I knew that yesterday was going to be tough. For a girl who refuses to say good-bye there would have to be some major avoidance involved. I walked through the school corridors cautiously. I watched as hugs were given, then switched focus, found someone who looked happy. Someone who was coming back. For yesterday would be the day, the last day. This was the end of the road in Doha for some.

The second little traveller is blissfully unaware that a couple of her friends may not be coming back. We will wait and see what the  summer brings, decisions are yet to be made. For her it was all about her teacher, one of the best, going. I read the messages on her shirt. Signatures, notes and scrawls in different coloured Sharpies.

“What’s H.A.G.S.?”

“Have a great summer!”

The fourth little traveller watched me hug a friend “wait, they’re not leaving are they?” I explained my goodbye was temporary – we’d see them in September. “That’s good – there’s been too many forever goodbyes this year.”

“There has been.” I said with a wince.

The third little traveller launched himself out of the classroom, there were still signatures for the year book, people to see, things to do. While he was stuffing things into his backpack while looking over his shoulder he passed me a bag of papers “Mum, when I grow up I’m going to build a time machine so I can go back and do Grade 4 again – man, it was so good.”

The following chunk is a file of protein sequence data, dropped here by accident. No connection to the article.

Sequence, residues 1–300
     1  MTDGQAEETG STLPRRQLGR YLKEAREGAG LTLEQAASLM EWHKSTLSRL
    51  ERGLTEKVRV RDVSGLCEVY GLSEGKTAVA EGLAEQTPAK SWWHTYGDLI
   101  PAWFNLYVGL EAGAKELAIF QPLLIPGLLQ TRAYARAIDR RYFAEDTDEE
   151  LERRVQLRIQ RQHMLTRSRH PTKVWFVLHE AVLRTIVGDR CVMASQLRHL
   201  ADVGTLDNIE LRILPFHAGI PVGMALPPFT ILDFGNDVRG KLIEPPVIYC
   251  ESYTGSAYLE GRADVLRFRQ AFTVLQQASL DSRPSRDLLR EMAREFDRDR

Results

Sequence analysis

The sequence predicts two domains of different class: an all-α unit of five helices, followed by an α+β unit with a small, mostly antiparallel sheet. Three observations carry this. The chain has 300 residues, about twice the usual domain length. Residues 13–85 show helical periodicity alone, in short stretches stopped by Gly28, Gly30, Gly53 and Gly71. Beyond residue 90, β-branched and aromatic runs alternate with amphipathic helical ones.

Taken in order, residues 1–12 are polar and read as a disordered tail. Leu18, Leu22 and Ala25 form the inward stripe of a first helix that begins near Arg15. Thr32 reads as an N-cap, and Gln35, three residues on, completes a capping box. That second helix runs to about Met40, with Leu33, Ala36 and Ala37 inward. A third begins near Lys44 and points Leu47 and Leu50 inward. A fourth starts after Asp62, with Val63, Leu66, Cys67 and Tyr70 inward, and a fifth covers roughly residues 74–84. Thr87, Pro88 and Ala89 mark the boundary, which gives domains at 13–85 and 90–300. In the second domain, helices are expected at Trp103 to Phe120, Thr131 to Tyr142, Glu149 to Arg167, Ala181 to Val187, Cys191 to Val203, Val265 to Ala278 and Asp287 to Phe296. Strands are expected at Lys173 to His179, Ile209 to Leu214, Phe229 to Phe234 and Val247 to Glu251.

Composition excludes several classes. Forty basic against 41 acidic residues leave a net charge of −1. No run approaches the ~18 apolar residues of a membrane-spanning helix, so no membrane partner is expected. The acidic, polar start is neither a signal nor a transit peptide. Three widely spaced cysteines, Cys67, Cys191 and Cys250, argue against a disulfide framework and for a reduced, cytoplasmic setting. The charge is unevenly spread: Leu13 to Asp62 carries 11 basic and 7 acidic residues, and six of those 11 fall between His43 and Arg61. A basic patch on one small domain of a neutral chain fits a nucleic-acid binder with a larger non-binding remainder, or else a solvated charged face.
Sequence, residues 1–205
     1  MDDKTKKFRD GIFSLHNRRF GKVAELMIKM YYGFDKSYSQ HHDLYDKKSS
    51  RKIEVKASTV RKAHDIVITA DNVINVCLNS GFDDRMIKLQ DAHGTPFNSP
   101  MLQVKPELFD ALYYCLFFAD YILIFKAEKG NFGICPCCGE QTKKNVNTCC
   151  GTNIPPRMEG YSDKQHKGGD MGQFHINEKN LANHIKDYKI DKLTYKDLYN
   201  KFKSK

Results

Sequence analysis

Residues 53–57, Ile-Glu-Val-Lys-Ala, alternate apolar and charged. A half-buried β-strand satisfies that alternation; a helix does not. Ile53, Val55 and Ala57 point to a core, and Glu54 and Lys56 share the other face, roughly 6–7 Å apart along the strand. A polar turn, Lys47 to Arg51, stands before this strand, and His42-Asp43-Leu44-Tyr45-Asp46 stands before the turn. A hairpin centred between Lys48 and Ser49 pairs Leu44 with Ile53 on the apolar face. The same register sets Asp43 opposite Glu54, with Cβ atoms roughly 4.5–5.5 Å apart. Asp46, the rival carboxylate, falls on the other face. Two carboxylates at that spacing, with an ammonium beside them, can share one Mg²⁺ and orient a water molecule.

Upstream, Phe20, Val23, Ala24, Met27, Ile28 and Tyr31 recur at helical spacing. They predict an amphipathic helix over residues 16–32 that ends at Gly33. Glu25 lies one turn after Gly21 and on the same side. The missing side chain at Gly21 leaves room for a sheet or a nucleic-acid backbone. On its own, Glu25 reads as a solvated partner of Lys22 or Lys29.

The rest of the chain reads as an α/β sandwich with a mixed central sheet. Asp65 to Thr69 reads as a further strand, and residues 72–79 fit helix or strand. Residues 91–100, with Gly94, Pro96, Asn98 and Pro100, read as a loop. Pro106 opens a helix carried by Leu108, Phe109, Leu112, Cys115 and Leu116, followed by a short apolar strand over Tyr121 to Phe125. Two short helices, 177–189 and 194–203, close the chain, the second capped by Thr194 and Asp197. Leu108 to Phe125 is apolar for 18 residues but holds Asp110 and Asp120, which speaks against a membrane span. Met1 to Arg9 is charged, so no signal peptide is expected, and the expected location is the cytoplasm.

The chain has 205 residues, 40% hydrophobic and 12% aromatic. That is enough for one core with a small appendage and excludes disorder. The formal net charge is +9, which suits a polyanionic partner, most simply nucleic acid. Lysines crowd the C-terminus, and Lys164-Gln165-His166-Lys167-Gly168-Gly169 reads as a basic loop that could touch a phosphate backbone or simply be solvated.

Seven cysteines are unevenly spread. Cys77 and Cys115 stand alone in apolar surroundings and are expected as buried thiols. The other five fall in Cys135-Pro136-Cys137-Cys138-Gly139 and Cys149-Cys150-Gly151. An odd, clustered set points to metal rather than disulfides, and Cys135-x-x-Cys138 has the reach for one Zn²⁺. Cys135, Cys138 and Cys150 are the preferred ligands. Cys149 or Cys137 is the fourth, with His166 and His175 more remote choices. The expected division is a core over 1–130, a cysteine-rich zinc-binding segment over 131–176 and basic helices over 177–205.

As people walked past the little travellers muttered their credentials “he’s from Canada…she’s from Lebanon…his brother’s in year 6, she’s leaving…he’s coming back…he’s leaving.” This has been their life. Goodbyes in June. Hello’s in August.

Initially I thought it was two mothers, locked together, squeezed tightly in an embrace. Shoulders heaved in time with the tears. And then I recognised the sneakers. It my first little traveller and her girlfriend who’s moving to London. When they finally unlocked they stood staring at each other, wiping the tears from their cheeks, giggling at their emotional outbreak.

My lips started to quiver, I knew the girl, she’d been dropped at our house for birthday parties, I worked with her mother in the concession stand at Softball. She was smart, like two years ahead in math smart, gorgeous, and had a smile I knew I was going to miss.

“I hate this part”. I said as the first little traveller came to join us. “I hate that you have to do this.” She nodded, smiled and put her sunglasses on.

When you’re raised in a small town where people rarely leave, the last day of school is always happy. The last day of school signifies holidays, fun, a break. In the expat world, the end of the year often signifies the end of an era. Relocation, removals, packs ups.

We drove to lunch with our tear stained cheeks. Happy to be on holidays, sad to be saying goodbye and grateful for those who’d be staying behind. Fun times ahead – for all of us.

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  1. Today was our last day of school in Tbilisi, Georgia. Your post paints such an accurate picture of the bittersweet last day of school for our traveling children. It brought tears to my eyes. Thank you.

  2. Sarah-Jane says

    “When you are raised in a small town where people rarely leave, the last day of school is always happy” – can so relate….once again. H.A.G.S. x

  3. We are leaving ACST in Tunisia after 4 great years. This is exactly what yesterday was like for me. Lots of tears and goodbyes. But I walked around and said my “so longs” as I needed some closure. Our girls, too, have the tshirts with the signatures and messages from friends that I know will be treasured for a while. And when we start our new school in Canada we (I) will have tears again as we think of our “old” life and walk into a new adventure.

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